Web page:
Dish Network, which earlier this week asked the FCC for a waiver to allow it to build an LTE-Advanced network in the S-band satellite spectrum, could enlist the help of Sprint Nextel (NYSE:S) to get the plan off the ground and save billions of dollars, according to Credit Suisse analyst Jonathan Chaplin.
"It makes the most sense for Dish to partner with Sprint," Chaplin told Bloomberg. "It gets Dish into the market at a much lower cost."
A Sprint spokesman told Bloomberg that Sprint is open to additional mobile-broadband partnerships after signing a 15-year, $9 billion deal with LightSquared last month to share expansion costs and equipment. That deal, of course, is contingent on LightSquared gaining approval from the FCC to deploy an LTE network in the satellite L-band amid concerns that is operations would interfere with GPS signals.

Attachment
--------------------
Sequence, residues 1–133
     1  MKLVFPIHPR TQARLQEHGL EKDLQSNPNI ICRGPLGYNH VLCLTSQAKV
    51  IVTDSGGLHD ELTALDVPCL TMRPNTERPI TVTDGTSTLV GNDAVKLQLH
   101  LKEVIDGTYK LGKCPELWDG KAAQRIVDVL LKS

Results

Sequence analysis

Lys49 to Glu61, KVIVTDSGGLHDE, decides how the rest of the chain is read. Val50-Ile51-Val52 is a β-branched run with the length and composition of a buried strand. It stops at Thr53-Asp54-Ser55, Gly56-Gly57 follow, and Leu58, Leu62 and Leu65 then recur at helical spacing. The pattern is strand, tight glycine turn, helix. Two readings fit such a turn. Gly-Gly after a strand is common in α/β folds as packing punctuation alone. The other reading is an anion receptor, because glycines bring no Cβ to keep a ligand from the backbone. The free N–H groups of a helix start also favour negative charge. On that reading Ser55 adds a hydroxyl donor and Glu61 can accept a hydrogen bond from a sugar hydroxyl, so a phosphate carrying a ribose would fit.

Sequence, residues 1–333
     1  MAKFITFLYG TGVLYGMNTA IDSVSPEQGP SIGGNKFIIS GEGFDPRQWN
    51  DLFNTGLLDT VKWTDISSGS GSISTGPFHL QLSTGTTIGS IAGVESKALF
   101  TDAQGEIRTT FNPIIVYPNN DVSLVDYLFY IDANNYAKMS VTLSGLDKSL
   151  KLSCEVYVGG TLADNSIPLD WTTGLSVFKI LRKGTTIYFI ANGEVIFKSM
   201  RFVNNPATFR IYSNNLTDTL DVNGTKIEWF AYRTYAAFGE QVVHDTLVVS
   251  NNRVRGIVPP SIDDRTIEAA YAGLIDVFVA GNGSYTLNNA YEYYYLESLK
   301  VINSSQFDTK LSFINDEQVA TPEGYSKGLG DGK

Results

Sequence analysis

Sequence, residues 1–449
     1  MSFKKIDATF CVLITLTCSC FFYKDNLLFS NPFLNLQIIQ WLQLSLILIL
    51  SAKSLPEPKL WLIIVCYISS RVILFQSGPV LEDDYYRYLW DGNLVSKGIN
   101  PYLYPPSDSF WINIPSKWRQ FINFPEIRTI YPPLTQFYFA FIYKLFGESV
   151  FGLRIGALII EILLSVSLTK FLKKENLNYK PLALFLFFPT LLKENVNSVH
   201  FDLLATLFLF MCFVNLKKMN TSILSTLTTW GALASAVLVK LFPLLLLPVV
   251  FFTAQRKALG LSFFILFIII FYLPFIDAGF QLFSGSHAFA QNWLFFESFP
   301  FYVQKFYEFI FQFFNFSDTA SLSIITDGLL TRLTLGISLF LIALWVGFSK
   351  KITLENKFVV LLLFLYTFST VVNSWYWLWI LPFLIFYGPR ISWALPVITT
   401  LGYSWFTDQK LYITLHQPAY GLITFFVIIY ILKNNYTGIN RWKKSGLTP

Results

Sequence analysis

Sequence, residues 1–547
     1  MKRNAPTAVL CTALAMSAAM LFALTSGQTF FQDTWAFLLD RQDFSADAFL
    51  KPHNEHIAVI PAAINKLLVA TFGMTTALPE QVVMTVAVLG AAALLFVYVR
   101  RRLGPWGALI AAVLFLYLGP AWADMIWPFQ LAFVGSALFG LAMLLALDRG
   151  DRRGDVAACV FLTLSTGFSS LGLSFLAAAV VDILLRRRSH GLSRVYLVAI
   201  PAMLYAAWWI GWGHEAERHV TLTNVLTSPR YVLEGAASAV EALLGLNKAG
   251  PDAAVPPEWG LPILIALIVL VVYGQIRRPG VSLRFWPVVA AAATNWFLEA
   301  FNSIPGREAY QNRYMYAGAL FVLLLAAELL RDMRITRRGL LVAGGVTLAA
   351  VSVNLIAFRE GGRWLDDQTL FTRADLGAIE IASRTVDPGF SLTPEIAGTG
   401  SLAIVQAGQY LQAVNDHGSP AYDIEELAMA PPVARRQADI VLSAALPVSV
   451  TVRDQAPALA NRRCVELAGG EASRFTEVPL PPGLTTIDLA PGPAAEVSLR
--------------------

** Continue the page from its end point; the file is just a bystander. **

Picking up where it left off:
Chaplin estimates that Dish would need $6.1 billion to build its own network infrastructure compared with $2 billion to pay Sprint to set up a network. Moreover, operating a network would cost Dish $2.7 billion a year, compared with $1.1 billion a year to pay Sprint to do it, said the analyst.
Dish Network wants the FCC to allow it to combine the S-Band spectrum licensees it acquired from TerreStar Networks and DBSD North America and grant it a waiver to offer terrestrial-only devices to customers on a proposed hybrid satellite-terrestrial mobile broadband network using LTE-Advanced network technology.
Still, LTE-Advanced isn't expected to come to market until 2014, and Dish must work with the FCC to not only get the waiver but also determine a buildout time line.
- see this Bloomberg article
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